Slender multistress driven structures
Guillem Baraut
Mattia Gambardella
In 1964 Frei Otto founded the Institute of Lightweight Structures at the University of Stuttgart.

Here Otto and his team undertook extensive research into natural forms and processes, generating and inspiring optimum structures.

As well as shell structures, lightweight or optimum structures include membrane structures, cable-net, geodesic domes, inflatable and air supported structures, and lattice or  reticulated shell structures such as the grid shell.

Otto explored several pioneering experiments in form-finding optimal structural configuration from which we took inspiration for the set up of ours: we undertook infact a series of experiments that represented the first stage to form-finding optimal structural and spatial arrangement.

The goal is to develop a method which is suitable to determine a connecting system for any plane point constellation having the minimum sum length.
The reorganization of the wet threads, due to the capillary water tension, follows the shortest and less energy consumption (stress consumption) configuration that the physical conditions permit.
In that sense, those experiments are useful in finding, in an empirical way, a suitable configuration in networks of
transportation and traffic.

Real systems, such as of supply, traffic or communication can be easily simulated in this way.
The method is suitable both for planar and dimensional systems.
The minimum path network linking three points with each other is not a triangle, but a star-shaped system. In the case of traffic systems in the form of a minimum path networks, pedestrian walkways, roads, rail paths, the land required, the material expenditure and labor costs are reduced to the minimum.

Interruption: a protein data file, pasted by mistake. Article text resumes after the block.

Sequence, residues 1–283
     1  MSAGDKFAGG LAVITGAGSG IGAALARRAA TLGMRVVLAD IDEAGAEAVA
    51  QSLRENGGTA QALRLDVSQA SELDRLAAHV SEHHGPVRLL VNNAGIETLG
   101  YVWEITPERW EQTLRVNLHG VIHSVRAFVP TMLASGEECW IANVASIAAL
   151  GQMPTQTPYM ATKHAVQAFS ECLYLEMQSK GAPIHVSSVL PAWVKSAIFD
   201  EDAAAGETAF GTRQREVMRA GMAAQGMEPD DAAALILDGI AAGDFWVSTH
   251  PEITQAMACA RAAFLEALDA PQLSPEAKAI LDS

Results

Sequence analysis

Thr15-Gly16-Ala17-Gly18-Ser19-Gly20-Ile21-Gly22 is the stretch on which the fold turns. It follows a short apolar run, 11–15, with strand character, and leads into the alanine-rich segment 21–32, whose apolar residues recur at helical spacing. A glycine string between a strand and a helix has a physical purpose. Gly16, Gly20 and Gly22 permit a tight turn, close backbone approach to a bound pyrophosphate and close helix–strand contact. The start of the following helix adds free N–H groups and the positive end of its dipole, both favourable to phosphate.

In order to define the overall geometry of the final structure, the span length and the height of it will be controlled by several attractors and repellors. These affections will be informed by form-finding experiments based on nested catenaries. Some experiments with catenaries in both 2D and 3D have been carried out. All the experiments have a common characteristic that is its simplicity, in order to understand the physical behaviour of the system, to facilitate its implementation into the digital model.

The physical experiments started creating the simplest set of nested catenaries possible. A larger chain is attached to two shorter chains, all made of the same steel and with the same transverse section. The chains are hanged with pins on a cardboard panel with guidelines every 1.0 cm, as can be seen in figures 1a to 1d. These guidelines will be the basis for the variation of the experiments, since some geometric parameters will be modified.

The aim of this experiment is to explore a net system created by wool threads sank in water, in order to have a tension based structure organized near a minimum path equilibrium.
This set of experiments was first developed by Frei Otto.
As it is shown in figure 1 the wool threads are attached in several points to a frame, creating a complex network with lots of intersections.

When the whole box is dipped into water as shown in figures the water goes into the wool threads and due to the surface tension the threads are attached one to each other.
This physical phenomena creates a network of threads with some groups of them, with the characteristic that all of them are loaded in tension but not in compression. That makes the threads adopt an equilibrium shape that is near minimal paths, depending on the loose left in every single thread.